They’re cheering in Allentown, where Pat Toomey’s supporters are gathered. After trailing all night, the conservative Republican has finally taken a lead over Democrat Joe Sestak. With 77 percent of the vote counted, Toomey now leads by 15,000 votes. The problem for Sestak is that virtually all of Philadelphia’s votes are in. That city delivered a massive 275,000-vote plurality for the Democrat, but as the rest of the state’s ballots have come in, Toomey has made up the difference.
Timothy Carney of the Washington Examiner, once Robert Novak’s deputy, writes on Twitter: “Conservatives, if Toomey loses, Reid and Murkowski win, this is a bad night.” This is, not to put too fine a point on it, insane: A 65 seat pickup by the GOP in the House and six or seven seats in the Senate is a bad night?
One of Sarah Palin’s picks, Nikki Haley becomes South Carolina’s first woman governor. If Palin deserves some blame for Christine O’Donnell, she gets some credit for this one.
Joe Sestak’s lead is rapidly dwindling in the Pennsylvania Senate race. With 72 percent of the votes counted, his margin is down to fewer than 6,000 votes. At this rate, as votes straggle in from rural counties, one might expect that Toomey will soon be in the lead. But with only 29 percent still being reported from suburban Montgomery county, where Democrats hope their strength will be reflected, both sides are holding their breath.
Obama came to rallies for him, but the college kids didn’t put Feingold over the top. He lost and lost big. This is Wisconsin. Extraordinary.
Tonight’s results are enormously, even historically impressive for Republicans and a huge repudiation of President Obama and his party. His problems are unquestionably deeper and more challenging than Bill Clinton faced in 1994. Barack Obama is a badly wounded president overseeing a demoralized party.
The most substantial damage to Democrats is being done in the House, where it appears the GOP will pick up somewhere around 60 seats — double what Democrats won in 2006, in an election pundits referred to as a “landslide.” Indeed, Democrats House gains in both 2006 and 2008 will be more than washed away.
Republicans are also making substantial gains in races for governor, which will have important ramifications for 2012 (where governors tend to play a key role) and redistricting.
The Senate seems to be the area where Democrats will sustain the least damage (which is not to say no damage). It seems clear that Republicans will not retake the Senate, but it also looks as if they are going to pick up a very impressive number of seats.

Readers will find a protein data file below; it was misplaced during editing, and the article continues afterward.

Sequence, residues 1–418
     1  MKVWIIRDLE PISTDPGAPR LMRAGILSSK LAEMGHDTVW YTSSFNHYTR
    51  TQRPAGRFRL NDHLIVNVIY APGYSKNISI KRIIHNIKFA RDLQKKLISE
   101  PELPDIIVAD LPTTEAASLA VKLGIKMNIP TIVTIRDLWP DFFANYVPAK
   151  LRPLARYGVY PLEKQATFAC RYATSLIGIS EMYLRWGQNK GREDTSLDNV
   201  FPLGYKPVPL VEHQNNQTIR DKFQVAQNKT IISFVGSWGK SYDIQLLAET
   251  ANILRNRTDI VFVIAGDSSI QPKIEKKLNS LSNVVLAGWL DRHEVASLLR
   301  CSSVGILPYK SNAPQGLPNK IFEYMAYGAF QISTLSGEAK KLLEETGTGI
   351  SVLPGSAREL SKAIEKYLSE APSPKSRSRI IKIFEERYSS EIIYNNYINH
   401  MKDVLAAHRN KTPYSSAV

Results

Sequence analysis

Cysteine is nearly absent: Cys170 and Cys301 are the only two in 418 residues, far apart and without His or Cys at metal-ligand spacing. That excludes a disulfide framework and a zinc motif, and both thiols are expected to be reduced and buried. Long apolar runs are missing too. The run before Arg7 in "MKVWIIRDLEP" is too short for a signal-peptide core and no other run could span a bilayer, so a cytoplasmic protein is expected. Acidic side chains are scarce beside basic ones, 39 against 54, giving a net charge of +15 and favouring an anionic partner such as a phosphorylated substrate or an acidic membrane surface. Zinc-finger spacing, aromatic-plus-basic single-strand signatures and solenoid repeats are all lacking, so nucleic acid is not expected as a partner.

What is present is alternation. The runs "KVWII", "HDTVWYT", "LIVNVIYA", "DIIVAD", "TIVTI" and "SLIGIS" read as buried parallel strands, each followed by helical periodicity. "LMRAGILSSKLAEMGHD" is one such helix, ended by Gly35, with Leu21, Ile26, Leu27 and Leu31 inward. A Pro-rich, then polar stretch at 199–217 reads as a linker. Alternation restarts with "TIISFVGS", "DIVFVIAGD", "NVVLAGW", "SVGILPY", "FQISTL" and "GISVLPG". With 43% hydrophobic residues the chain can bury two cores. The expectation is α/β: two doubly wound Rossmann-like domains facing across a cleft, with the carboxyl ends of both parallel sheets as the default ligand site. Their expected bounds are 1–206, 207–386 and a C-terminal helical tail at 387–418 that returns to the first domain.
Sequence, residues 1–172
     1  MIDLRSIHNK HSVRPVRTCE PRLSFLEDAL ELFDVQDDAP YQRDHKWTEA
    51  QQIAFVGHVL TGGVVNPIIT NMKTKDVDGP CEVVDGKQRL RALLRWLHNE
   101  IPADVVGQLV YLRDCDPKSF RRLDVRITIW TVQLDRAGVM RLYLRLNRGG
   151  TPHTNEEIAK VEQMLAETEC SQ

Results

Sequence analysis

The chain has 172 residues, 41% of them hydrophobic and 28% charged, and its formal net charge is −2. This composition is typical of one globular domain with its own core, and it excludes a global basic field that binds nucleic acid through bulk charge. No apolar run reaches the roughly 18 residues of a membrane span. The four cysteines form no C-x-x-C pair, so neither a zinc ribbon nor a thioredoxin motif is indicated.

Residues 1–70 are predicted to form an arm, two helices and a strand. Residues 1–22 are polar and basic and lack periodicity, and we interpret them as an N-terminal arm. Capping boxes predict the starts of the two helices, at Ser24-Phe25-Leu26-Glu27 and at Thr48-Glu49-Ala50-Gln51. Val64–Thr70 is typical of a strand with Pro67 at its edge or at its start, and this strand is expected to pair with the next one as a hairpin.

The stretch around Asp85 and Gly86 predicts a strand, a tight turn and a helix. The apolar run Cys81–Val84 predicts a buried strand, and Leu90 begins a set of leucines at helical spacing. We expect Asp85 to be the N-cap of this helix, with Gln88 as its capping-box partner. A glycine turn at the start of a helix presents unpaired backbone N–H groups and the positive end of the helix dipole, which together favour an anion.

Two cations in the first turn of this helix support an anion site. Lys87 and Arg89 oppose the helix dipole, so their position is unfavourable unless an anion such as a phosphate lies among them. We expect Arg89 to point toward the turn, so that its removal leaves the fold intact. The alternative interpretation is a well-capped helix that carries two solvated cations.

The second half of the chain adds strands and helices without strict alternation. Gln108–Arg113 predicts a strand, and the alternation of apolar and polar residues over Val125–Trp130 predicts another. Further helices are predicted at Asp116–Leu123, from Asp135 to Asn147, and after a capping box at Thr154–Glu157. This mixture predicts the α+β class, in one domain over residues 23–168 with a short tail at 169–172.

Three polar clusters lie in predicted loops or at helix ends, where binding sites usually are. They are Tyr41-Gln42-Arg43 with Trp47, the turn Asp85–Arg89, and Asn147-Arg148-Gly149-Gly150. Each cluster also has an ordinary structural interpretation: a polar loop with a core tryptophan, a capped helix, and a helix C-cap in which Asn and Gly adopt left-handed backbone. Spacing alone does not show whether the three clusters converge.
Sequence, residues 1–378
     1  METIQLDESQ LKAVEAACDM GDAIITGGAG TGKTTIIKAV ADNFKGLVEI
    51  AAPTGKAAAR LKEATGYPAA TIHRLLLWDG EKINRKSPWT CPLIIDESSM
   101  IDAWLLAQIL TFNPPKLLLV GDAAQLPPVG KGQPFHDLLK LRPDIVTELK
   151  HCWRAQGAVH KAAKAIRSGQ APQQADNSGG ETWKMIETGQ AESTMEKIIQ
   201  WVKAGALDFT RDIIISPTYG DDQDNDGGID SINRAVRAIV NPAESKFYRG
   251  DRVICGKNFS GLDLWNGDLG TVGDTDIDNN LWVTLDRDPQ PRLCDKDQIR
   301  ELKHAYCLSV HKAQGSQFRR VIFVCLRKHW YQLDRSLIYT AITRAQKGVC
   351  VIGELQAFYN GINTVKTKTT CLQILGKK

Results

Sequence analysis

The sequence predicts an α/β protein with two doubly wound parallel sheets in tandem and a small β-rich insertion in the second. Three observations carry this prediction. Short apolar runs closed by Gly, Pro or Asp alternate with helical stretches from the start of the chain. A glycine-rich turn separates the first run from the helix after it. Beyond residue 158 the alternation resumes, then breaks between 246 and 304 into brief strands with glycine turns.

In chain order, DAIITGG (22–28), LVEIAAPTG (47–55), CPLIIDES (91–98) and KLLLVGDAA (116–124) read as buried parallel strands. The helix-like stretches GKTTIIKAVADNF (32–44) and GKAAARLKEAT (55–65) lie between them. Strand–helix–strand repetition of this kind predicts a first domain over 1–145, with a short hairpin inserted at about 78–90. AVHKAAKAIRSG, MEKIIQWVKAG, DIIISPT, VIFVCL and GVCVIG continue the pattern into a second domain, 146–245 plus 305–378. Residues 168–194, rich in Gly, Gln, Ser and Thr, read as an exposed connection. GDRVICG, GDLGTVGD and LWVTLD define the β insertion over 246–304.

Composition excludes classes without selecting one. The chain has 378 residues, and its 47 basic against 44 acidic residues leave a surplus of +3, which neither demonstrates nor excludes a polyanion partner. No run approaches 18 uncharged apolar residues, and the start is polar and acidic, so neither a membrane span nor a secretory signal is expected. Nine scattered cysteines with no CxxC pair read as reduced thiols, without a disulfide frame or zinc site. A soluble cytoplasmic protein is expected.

Taken in total, this election qualifies, by any reasonable standard, as a tidal-wave election — bigger than 1994, the most impressive win in generations, and a political rebalancing that ranks near the greatest we have seen in our lifetime.
That’s not bad for a party that just two years ago was flat on its back and, in May 2009, was declared an “endangered species” on the cover of Time magazine. It has been an amazing comeback for the GOP — and terrible, swift fall from grace for Barack Obama.
Democrats have to be encouraged as Joe Sestak continues to hold on to his lead as more votes are counted in Pennsylvania. Toomey’s presumed advantage in the central and western regions of the state may not be enough to offset the overwhelming Democratic vote in Philadelphia. It appears that the Philly Democratic machine, one of the few political operations left in the country that deserve that label, may have delivered for Sestak.
There are some interesting results worth noting. Only 29 percent of the votes have been counted in Montgomery County in the Philadelphia suburbs. Once a Republican stronghold, it flipped to the Democrats in the last 15 years and may well make the difference for Sestak. On the other hand, elsewhere in the Philadelphia region, heavily Republican Chester has reported only 18 percent of its precincts. The suburbs may decide this race.
The GOP has captured the governorship and House seats in the 3rd, 7th, 8th, 10th, and 11th. The Senate race has narrowed to a bit more than three points. Pittsburgh is 98% counted. Philadelphia is 90% counted. It will be a squeaker, but Toomey looks as if he can pull it out. This would be another stunning reversal in a state Obama carried easily in 2008.
Jonathan, I agree with you completely. What’s interesting is that Rubio not only claims an affecting personal narrative; it’s a narrative that incorporates an organic backdrop of American exceptionalism. On the level of ideas, this makes for a stunning and sincere American story. Politically, it gives him an exponential edge on the Obama precedent.
Obama’s claim that his very existence is the product of an only-in-America story never quite made sense. As he frames it, it is the unlikely meeting, in Hawaii, of his Kenyan father and Kansan mother that translates into a uniquely American tale. But in truth, people from different countries can meet and couple off almost anywhere that allows a modicum of international travel. The story of Barack Obama Sr. and Stanley Ann Dunham is a story of American geography. Marco Rubio’s story is of another type entirely. As the son of Cuban exiles who came to America specifically to capitalize on its freedoms, Rubio’s only-in-America narrative is ideologically constitutive of, and concordant with, his political bearing. That’s the kind of power that transcends charisma.